#postcollegiate #goals #godsplan

Monumental Weekend

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I can’t believe how long it has been since I ran the Indianapolis Monumental Half-Marathon and qualified for the Olympic Trials Marathon but I can say I’m still sometimes shocked by it. When I turned the corner coming into the final straight away I could see the time and could not believe what I had done. I was so overjoyed I felt like I could run another! Luckily I remembered how those last 3 miles had started to feel and just stood there in the finish shoot just taking it all in. After my struggle from last year this season has been a huge testament to me as to why I need to always keep moving forward. Hitting what felt like rock bottom last year feeling like maybe this was it for me was exactly what I needed. I am everyday thankful for Oiselle and my coaches for still sticking with me and giving me the chance I needed to give it one more go. Of course now I realize what I have ahead of me, marathon training. A whole new beast and a whole lot of work. God’s work is never done and the same will be for me.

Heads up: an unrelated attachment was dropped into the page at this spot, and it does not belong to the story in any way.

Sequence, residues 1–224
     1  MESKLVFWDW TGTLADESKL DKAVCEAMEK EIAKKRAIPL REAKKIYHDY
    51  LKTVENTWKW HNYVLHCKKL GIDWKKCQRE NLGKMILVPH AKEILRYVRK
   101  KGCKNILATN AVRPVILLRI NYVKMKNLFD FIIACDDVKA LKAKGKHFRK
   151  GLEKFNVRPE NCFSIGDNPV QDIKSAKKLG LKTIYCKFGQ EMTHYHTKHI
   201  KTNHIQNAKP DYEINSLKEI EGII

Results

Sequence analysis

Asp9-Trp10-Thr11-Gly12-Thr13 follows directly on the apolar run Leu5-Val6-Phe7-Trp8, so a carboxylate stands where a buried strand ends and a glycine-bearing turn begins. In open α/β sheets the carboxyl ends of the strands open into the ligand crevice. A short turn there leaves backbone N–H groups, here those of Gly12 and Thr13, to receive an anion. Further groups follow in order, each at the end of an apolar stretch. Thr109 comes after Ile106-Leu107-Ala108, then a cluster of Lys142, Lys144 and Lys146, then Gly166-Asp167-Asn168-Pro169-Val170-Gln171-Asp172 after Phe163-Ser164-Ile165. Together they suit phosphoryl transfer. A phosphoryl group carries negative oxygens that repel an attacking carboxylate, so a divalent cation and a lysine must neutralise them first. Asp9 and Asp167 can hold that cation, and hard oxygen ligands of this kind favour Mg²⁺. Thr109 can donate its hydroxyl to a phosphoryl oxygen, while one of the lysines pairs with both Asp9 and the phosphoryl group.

The thing I am most grateful for is not that I qualified but more about the people that this whole experience has introduced me to. Seeing Alana Hadley, a 17 year break the marathon course record and qualify for the Olympic trials. Being in the company of a 92 year old running a half marathon world record and Hailey Danisewicz setting the world record for one leg amputees is so far beyond my accomplishment and is humbling to me. What those people have done is so incredible and such an inspiration. I was blessed with being roomed with an extremely talented Dawn Grunnagle whom helped me figure things out on race morning (I’m still pretty naïve to road racing!) and gave me advice and encouragement going in.


salming 2